The October 14 high-altitude photographs, taken from the periphery of Cuba, led to the US taking the additional risk of direct overflights of Cuba, at the orders of Secretary of Defense Robert S. McNamara. McNamara, Chief of Naval Operations George W. Anderson and Lundahl concurred that the US Navy's Light Photographic Squadron VFP-62, flying F8U-1P Crusader fighters in a reconnaissance role, were best qualified to take low-level photographs, flying directly over Cuba. As well as the U-2 photographs, the low-level Navy photographs also streamed into NPIC, where Brugioni and colleagues analyzed them around the clock.

(Klein) described Lundahl's presenting the October 14 photographs and their interpretation to President John F. Kennedy: "Mr. Lundahl, when Kennedy was shown the photographs, he turned his head, looked at Lundahl, and said, "Are you sure?" And Mr. Lundahl said, "I'm as sure of this, Mr. President, as we can be sure of anything in the photo interpretation field. And you must admit that we have not led you astray on anything that we have reported to you previously." And the President said "Okay.""

Brugioni's book, while a general history, deals extensive with the role of imagery intelligence in the Cuban Missile Crisis. A selection of the actual photographs, as well as supporting data such as the chart of CIA photo are at the George Washington University National Security Archive [6].

Another source on technique, discussing the obscure technique of "crateology", or recognizing the characteristic ways in which the Soviets crated military equipment, is Hilsman's To Move a Nation [7]. A photograph analyzed using the crateology technique is shown in [6].

After the Cuban Missile Crisis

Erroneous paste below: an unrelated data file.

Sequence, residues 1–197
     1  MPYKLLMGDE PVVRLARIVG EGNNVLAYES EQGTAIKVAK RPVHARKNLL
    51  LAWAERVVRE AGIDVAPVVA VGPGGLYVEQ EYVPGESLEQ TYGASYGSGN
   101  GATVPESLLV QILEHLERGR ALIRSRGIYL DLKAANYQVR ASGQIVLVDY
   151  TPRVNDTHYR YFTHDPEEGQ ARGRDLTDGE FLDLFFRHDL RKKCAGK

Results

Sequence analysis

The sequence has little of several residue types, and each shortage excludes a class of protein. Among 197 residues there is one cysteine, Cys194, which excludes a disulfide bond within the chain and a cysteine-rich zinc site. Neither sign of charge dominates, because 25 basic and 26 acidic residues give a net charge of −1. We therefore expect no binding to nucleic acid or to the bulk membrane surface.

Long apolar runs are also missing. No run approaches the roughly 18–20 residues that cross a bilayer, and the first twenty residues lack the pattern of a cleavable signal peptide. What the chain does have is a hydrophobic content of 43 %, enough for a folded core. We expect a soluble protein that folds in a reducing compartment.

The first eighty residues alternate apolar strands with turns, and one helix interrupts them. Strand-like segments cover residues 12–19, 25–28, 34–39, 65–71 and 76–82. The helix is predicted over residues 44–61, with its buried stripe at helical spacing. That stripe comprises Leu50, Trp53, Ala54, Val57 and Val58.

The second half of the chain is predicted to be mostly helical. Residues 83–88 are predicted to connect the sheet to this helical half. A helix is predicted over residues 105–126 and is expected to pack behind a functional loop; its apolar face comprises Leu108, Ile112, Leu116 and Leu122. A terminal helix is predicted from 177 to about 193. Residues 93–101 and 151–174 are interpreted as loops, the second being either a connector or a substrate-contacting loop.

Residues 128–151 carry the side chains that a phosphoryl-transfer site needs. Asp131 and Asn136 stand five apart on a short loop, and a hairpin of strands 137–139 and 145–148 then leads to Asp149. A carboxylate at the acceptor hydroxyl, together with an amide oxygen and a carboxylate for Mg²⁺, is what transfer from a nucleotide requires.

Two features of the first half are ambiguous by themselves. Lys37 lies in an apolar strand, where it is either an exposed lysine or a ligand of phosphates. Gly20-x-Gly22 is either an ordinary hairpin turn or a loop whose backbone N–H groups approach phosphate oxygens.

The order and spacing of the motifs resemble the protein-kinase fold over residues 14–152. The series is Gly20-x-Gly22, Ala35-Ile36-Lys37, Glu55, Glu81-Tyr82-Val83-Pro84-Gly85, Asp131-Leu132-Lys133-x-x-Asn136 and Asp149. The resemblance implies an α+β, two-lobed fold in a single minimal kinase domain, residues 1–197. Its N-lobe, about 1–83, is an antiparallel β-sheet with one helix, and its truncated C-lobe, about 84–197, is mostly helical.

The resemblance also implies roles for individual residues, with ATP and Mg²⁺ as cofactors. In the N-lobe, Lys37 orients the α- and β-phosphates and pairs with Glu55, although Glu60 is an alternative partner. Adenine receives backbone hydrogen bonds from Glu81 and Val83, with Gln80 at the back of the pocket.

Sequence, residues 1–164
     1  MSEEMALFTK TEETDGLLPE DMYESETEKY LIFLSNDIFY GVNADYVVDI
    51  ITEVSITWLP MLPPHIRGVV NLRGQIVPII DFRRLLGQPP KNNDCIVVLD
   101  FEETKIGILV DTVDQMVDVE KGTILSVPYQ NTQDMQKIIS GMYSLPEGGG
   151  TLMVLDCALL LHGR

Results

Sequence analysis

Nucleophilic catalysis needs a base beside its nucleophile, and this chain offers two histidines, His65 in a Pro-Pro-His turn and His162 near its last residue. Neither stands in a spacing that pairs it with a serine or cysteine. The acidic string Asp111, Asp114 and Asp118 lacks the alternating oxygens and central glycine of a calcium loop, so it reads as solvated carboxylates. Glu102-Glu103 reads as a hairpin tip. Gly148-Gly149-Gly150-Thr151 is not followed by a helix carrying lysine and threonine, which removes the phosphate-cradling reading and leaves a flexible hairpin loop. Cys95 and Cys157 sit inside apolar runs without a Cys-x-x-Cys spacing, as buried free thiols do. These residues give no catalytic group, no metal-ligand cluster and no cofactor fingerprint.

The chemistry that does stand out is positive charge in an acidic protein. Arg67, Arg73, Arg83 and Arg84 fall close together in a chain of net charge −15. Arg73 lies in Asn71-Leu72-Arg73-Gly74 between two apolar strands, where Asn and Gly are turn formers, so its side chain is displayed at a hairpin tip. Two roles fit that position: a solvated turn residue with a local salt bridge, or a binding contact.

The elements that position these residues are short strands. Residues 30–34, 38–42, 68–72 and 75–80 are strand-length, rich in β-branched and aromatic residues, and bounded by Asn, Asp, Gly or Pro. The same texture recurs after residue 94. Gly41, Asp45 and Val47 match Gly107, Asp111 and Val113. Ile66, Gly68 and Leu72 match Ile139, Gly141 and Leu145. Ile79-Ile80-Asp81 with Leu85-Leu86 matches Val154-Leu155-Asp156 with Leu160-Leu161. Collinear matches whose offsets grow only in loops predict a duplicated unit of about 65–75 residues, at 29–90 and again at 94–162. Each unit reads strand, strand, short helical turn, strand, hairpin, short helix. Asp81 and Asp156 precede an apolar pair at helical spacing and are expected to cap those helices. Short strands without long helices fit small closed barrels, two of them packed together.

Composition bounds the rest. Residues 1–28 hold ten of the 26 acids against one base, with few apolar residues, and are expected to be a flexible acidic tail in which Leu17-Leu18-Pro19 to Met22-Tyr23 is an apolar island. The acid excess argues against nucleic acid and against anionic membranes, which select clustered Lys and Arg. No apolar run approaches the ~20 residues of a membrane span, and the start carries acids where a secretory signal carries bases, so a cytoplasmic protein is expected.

Later assignments included finding chemical and nuclear weapons, missile sites and test blast areas. He provided intelligence to policymakers during World War II, the Cold War, the Cuban Missile Crisis, the Vietnam War and the Yom Kippur War.

After Retirement: Using Photointelligence for Historical Research

As more and more intelligence photographs are declassified, essentially all from WWII and a great many from the CORONA, ARGON, LANYARD and GAMBIT satellites, Brugioni has been active in guiding historians to use these collections in historical research.

After-the-fact Intelligence about Auschwitz

Brugioni was one of the first historians to present photographic evidence of Auschwitz. A photographic plane was photographing a I.G. Farben factory in the general area, and didn't turn off its camera until after it had passed over the Monowitz camp [8]. The factory was the main interest, and the WWII interpreters just marked Auschwitz as an unidentified installation. No one in that organization knew about human intelligence reports of the death camps, and only in the seventies did researchers learn the significance of the camp photographs. [9].